Category Archives: Future church

A little lower than the angels

What’s all the activity for?  Why do we as members of the church spend so much time doing stuff?  There are so many spheres of activity, so many worthwhile events and initiatives, so many vital meetings, countless services of worship, acts of kindness and social responsibility, missions, conferences and charitable fundraisers…

All these things are valuable in themselves, but the activity and the demand for outcomes and progress often drives us to miss the main thing: each person we have to do with in all this work is a person made in the image of God, created a little lower than the angels.  When there is so much of everything and there are so many people involved, there simply isn’t time to relate to each person on a deep level… there isn’t time for encounter.  I wonder if we’re in such a panic about what has to be done in a cash-poor environment under pressure of time, and trying to work for maximum gains, that we aim for outcomes across a wide area of engagement and risk making a shallow impact that won’t be transformative in the way we would hope.  What if we just prioritised spending time one-to-one….?!

I watched a video today of two people sitting gazing at each other’s faces.  It was an act of performance art that took place in an art gallery.  What happens when two people simply sit in silence and encounter the other intensely through observation of their eyes, features, skin, body?  It seemed as if the experience was profoundly moving.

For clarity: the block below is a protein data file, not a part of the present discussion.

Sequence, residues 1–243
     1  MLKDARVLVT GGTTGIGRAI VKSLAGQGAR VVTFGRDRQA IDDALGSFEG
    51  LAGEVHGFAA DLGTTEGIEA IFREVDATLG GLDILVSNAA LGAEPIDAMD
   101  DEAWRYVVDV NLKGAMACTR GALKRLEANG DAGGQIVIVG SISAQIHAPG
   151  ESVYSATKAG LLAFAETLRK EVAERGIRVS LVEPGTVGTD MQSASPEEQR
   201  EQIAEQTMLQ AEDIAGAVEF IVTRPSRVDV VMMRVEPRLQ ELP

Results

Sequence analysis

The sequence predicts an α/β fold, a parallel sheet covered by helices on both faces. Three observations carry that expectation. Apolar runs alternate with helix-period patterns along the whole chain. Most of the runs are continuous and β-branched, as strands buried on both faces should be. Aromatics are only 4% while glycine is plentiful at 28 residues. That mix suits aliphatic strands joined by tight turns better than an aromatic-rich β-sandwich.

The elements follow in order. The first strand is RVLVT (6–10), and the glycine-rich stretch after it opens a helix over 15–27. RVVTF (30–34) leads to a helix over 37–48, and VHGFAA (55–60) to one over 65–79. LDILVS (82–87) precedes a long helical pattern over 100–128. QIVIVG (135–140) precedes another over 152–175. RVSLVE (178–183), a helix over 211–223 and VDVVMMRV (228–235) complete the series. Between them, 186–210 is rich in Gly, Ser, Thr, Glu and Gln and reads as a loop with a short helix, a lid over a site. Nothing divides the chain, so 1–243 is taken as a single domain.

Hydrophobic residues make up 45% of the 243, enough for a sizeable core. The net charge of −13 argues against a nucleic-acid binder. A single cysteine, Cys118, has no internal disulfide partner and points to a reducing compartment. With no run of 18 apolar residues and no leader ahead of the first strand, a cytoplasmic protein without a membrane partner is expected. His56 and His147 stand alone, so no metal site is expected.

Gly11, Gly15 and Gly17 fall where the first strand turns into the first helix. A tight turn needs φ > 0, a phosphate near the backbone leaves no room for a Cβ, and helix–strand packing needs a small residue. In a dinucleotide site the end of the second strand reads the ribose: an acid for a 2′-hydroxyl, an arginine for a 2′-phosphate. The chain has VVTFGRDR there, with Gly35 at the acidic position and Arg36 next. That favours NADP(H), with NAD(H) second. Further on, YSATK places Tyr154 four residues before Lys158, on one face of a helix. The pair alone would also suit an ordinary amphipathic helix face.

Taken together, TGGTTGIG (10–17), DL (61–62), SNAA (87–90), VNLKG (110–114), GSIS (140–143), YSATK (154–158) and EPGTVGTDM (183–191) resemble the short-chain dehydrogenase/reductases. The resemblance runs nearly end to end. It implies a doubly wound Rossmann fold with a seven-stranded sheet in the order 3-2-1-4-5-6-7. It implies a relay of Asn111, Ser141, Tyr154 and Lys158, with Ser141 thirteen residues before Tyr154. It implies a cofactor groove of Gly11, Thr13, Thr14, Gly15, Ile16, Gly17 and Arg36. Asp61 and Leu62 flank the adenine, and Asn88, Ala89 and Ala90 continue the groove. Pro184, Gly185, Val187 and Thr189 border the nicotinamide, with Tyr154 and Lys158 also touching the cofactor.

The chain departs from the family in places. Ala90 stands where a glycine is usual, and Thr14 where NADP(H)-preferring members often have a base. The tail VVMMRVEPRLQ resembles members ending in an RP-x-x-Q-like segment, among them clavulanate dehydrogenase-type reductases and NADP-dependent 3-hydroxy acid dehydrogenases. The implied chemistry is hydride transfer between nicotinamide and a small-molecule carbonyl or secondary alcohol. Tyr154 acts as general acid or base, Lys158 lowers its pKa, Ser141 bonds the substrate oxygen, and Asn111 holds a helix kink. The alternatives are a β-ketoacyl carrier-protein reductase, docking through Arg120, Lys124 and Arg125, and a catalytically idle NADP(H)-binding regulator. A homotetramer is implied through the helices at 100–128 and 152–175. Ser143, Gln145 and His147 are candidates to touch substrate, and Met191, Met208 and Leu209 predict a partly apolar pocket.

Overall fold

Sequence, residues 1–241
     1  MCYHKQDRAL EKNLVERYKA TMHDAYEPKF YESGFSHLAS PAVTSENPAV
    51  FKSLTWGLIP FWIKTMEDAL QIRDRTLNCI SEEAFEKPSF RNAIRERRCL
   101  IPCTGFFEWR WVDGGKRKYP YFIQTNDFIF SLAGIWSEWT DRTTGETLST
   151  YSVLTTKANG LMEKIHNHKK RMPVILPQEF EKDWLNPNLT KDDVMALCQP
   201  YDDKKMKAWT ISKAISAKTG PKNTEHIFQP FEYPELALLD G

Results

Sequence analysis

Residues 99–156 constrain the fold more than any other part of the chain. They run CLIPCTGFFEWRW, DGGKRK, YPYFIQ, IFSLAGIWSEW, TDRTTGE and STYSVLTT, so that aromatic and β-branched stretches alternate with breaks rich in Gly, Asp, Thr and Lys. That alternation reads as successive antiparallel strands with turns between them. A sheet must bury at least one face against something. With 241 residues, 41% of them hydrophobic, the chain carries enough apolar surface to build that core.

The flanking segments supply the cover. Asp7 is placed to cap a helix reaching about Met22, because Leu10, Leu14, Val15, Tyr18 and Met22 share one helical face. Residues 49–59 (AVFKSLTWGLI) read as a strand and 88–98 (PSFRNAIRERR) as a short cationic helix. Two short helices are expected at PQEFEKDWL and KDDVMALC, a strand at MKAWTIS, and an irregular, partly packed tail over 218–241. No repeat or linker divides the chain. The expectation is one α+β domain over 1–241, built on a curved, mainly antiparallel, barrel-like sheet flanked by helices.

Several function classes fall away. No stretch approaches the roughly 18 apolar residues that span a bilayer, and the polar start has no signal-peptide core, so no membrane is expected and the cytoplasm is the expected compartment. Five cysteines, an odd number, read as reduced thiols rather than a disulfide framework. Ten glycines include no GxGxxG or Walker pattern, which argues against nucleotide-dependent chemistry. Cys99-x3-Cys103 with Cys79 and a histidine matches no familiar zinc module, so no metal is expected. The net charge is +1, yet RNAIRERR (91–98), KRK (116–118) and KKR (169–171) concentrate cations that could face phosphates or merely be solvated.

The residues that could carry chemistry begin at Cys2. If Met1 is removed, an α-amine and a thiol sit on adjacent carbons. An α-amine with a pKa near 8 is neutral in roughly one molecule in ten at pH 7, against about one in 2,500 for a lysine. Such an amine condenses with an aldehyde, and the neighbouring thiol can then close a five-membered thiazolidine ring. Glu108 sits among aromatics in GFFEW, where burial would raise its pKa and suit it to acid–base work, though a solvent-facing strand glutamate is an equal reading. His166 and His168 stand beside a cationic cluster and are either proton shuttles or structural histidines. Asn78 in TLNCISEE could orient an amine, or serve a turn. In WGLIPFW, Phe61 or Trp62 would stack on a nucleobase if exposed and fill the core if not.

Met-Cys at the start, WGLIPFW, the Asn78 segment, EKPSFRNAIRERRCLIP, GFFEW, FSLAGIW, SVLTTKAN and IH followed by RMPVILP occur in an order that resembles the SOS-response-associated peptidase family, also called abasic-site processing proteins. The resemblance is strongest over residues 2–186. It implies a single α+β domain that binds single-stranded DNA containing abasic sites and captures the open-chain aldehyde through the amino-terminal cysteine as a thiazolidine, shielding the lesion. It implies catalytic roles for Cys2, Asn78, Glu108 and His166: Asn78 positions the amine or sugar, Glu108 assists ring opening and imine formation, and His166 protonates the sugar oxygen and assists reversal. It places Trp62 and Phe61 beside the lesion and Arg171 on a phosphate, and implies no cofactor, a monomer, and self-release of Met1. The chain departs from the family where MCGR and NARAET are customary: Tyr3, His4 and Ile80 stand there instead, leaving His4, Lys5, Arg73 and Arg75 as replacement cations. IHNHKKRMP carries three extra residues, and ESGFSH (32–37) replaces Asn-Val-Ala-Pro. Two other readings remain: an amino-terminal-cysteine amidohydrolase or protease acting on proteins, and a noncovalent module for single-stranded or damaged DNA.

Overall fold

In an art gallery we stand and examine original pieces by talented artists.  We pay money for it – some works of art call in millions.  We are made in the image of God… we are each created, unique, easily damaged, mysterious and full of meaning, like most paintings or artefacts you’d find in a gallery.

What would church be like if we took our creation in the image of God more seriously?  How would it affect what we took time over?  How would it impact people who came through our doors?  Could we take time simply to sit and marvel at the face of the person sitting next to us, putting ourself into the imagination of God as he designed her (or him?).  What if our worship was more like a piece of performance art, open to a radical encounter with another human being?